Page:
Vous êtes sur la page 1sur 42

Cardiovascul

ar
Drugs
:
PDF created with pdfFactory trial version www.pdffactory.com
Calcium Channel-
Blocking
Agent
s
Digilati
s
Adrenergic Antagonists
PDF created with pdfFactory trial version www.pdffactory.com
Calcium Channel-Blocking
Agents
v Calcium channel blockers (CCBs) were initially
introduced for
us
e
in the
United
States in
1981,
and extended-
release
formulations were available 10 years
later.
v Indications for
arrhythmia
s,
prophylaxi
s.
use
of
thes
e
drugs are angina,
hypertension,
subarachnoi
d
hemorrhag
e
and migrain
e
PDF created with pdfFactory trial version www.pdffactory.com
Calcium Channel-
Blocking
Agent
s
v Structure
1- Phenylalkylamines:
Verapamil
2- Benzothiazepines:
Diltiazem
3- Dihydropyridines: Nifedipine,
Amlodipine,
4- Diarylaminopropylethers:
Bepridil
5- Tertraline Derivatives:
Mibefradil
PDF created with pdfFactory trial version www.pdffactory.com
Pharmacolo
gy
v The CCB currently available act
on
L-
Type
chann
el
of cardia
c
and vascula
r
smoot
h
muscl
e
cells
.
5
6
III
II
IV
I
5
6
III IV
PDF created with pdfFactory trial version www.pdffactory.com
Pharmacolo
gy
v Antagonisms of L-Type channels results
primarily in
effect
s
on
the
heart
and peripheral vascular smooth
muscle.
v Negative chronotropy (decreased heart
rate)
v Negative inotropy (decreased cardiac
contractility)
v Decrease cardiac out put and
Hypotension
PDF created with pdfFactory trial version www.pdffactory.com
Pharmacokineti
cs
Absorptio
n
(%)
Volume of
Distribution(L/K
g)
Protein
Bonding(%)
Terminal
half-life
(h)
Verapami
l
>90 4.7 90 3-7
Diltiaze
m
>90 5.3 80-90 4
Nifedipin
e
>90 0.8-1.4 90 5
Amlodipi
n
100 21.4 >95 35
PDF created with pdfFactory trial version www.pdffactory.com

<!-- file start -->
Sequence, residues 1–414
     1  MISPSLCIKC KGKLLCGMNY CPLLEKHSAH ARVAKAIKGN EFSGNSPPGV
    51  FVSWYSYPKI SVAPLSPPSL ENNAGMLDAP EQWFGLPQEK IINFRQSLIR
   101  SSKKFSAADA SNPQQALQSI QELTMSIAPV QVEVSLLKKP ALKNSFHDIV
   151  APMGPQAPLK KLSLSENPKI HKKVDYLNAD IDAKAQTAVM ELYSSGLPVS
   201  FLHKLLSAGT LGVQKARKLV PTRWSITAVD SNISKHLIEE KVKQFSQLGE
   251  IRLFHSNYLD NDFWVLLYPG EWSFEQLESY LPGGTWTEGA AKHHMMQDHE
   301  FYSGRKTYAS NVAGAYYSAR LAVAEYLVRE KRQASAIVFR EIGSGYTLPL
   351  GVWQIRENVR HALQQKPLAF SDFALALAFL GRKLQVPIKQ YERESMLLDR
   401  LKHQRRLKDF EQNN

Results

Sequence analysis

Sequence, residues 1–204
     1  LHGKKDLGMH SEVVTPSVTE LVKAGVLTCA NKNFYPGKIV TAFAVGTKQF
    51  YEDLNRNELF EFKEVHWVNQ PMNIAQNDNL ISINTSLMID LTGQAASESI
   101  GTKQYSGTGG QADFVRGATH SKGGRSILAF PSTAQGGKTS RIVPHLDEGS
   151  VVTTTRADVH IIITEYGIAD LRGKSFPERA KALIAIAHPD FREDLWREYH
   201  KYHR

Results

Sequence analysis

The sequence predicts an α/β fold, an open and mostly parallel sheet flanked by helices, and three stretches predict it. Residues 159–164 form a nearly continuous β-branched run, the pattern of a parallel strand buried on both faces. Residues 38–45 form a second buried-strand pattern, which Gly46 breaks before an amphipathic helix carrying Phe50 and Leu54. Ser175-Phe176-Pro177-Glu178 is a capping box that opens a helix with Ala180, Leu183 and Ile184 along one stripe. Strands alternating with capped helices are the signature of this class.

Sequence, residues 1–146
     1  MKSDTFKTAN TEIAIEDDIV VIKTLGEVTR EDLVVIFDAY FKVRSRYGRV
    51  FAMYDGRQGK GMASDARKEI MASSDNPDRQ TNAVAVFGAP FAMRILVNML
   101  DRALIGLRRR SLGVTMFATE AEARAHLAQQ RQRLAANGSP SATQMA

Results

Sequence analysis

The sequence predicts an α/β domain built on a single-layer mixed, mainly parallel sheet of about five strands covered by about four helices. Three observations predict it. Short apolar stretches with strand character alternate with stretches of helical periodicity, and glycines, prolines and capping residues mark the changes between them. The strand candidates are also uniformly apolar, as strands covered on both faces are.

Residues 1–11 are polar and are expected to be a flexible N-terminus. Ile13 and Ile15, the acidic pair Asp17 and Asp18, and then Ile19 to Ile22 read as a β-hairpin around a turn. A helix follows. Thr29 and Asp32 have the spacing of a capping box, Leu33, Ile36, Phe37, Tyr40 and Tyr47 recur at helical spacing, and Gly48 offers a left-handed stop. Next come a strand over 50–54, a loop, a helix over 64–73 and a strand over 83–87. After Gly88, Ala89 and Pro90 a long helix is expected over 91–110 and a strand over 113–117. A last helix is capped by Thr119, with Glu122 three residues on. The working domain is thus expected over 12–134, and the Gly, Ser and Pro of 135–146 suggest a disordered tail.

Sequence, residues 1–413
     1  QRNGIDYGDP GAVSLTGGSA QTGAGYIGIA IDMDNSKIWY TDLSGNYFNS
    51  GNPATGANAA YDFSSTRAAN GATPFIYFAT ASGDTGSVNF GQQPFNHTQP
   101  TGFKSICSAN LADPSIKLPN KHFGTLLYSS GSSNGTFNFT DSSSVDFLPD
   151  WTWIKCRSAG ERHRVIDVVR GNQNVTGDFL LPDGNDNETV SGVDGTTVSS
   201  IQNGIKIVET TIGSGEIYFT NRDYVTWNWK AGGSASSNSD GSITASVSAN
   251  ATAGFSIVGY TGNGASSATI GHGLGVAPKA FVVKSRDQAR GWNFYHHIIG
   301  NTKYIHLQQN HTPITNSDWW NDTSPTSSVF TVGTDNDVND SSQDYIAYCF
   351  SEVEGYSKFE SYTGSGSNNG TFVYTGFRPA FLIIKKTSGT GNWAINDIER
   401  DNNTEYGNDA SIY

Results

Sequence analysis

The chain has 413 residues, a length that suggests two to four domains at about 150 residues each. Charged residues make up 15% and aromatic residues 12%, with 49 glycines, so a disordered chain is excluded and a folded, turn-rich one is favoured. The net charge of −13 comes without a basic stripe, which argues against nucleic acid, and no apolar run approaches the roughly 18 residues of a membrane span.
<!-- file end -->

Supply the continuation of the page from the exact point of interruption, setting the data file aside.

Toxicit
y
v Acute toxicity
Case reports describing Overdose of S-R
Preparearions
describ
e
a delay
in symptoms by as
long
( Verapamil,
Diltiazem,
as 15-24 h.
Nifedipine,
Amlodipin)
v Toxic
dose??
v Chronic toxicity
CCB are
essentially
free of Chronic
toxicity.
PDF created with pdfFactory trial version www.pdffactory.com
Clinical
Presentation
v
Hypotention
v Cardiac dysrhythmics:
Bradycardia
v
Gastroanerities
v Adult Respiratory Distress
Syndrome
v Depressed
level
of consciousn
ess,

v Hyperglycemia
v Lactic
acidosis
PDF created with pdfFactory trial version www.pdffactory.com
The ionic control
of
insuli
n
releas
e
from huma
n
pancreati
c
cell
s
PDF created with pdfFactory trial version www.pdffactory.com
Treatme
nt
v
Establish
ABes
,
obtai
n
intraveno
us
(IV
)
access,
provide
oxygenatio
n
v Administration of activated charcoal: repeated doses may
be
used, especially with ingestions of sustained-released
agents.
v Whole bowel irritation with polyethylen
e
glyco
l
solutio
n
(SR
)
v Sodium
bicarbonate
v Atropin
PDF created with pdfFactory trial version www.pdffactory.com
Treatme
nt
v ea salt: eacl
2
10 %

(Verapamil and
Diltiazem )